As the England vs Fiji game has been picked over endlessly in terms of the overall display, I thought it worthwhile to concentrate on the English players that may not have had as much coverage.
Following on from my thoughts about the importance of the replacements bench in this World Cup, it seems only right to take a look at those players who had only a limited amount of time to shine.
The first to appear: the quartet of the Vunipola brothers, Joe Launchbury and Richard Wigglesworth were the first to arrive on the 50-minute mark.
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It seems that the starting XV were given ten minutes to start to turn the screw before changes were introduced. With no further score, it seemed the management were keen to inject some new life into the game.
Firstly, the Vunipolas both added a much-needed impetus to the English pack against tiring Fijian forwards. It seems that both of them have benefitted from their intense summer training as they were looking very sharp.
Billy, in particular, had one of his best appearances in an England jersey for my money. He went rampaging around the park with real venom and scored the final try which secured the bonus point for victory was certainly the highlight of the evening (even if it did take a while to be confirmed).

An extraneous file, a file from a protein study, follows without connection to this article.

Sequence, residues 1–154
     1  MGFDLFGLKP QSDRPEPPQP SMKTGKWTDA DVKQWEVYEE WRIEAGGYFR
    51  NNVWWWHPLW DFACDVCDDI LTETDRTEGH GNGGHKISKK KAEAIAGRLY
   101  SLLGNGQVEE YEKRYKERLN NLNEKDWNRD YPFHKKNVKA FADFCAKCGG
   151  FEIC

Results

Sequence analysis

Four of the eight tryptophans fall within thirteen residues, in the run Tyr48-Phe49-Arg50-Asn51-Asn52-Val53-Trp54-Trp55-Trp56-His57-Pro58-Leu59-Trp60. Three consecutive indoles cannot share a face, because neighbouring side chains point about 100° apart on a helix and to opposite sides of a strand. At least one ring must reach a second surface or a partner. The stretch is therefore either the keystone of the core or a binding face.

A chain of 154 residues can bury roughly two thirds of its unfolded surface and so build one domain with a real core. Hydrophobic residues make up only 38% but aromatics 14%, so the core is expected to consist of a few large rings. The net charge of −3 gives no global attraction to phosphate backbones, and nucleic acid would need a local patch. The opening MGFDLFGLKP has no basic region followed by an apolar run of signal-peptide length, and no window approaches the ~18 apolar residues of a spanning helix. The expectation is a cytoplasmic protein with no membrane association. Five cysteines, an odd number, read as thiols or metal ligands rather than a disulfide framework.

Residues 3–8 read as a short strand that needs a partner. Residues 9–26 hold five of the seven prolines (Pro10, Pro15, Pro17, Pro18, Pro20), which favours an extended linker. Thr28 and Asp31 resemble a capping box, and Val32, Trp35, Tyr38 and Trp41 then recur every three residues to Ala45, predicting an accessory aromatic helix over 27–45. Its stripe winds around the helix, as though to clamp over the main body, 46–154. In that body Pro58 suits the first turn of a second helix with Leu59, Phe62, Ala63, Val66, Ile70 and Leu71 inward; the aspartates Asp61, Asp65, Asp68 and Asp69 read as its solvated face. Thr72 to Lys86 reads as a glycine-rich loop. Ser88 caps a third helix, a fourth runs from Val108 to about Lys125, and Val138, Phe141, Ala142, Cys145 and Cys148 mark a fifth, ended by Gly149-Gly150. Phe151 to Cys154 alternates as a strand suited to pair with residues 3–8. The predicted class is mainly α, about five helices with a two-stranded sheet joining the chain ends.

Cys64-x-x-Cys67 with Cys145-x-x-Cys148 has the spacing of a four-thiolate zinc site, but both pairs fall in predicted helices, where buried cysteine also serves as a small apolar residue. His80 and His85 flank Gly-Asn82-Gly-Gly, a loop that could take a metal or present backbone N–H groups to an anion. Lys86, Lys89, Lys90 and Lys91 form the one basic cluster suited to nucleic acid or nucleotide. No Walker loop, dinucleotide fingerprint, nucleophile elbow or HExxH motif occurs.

Mako too was industrious and a real threat in loose play and the combination of the brothers seems to add to the sum of their parts separately.
Launchbury seemed much more like his ‘old’ self, tackling tirelessly (as he should with half an hour to play) but his strong direct running added greatly to the English cause in the latter part of the game.
Wigglesworth perhaps did less to advance his case than some of the other bench-sitters. He seemed to be suffering a little of the nervous energy that was rife that evening with passes going astray and some of his kicking from hand missing the mark, but he certainly did not take a backward step.
The rest of the front row contributions seemed to work fairly seamlessly but without being truly tested as the Fijians tired; Brookes showing good hands in the loose and Webber not letting his side down in the line-out.
The introduction of Farrell and Burgess also seemed to add to the party. Both obviously eager to make an impression and worked their way into the game with a more direct approach than their predecessors - their offloading game adding tempo from which Farrell fed Mike Brown for his second try of the evening. Burgess seemed to find the balance between risky offload and safe ball retention.
Undoubtedly then each of the subs have put their hand up for starting selection against Wales and it would appear at latest glance that with an injury to Joseph, there will be need of change for the usually conservative Lancaster.
The rest of the bench will hope they pressed their case well enough to be added to the list of changes too, if not for the Wales match then the future challenges England will inevitably face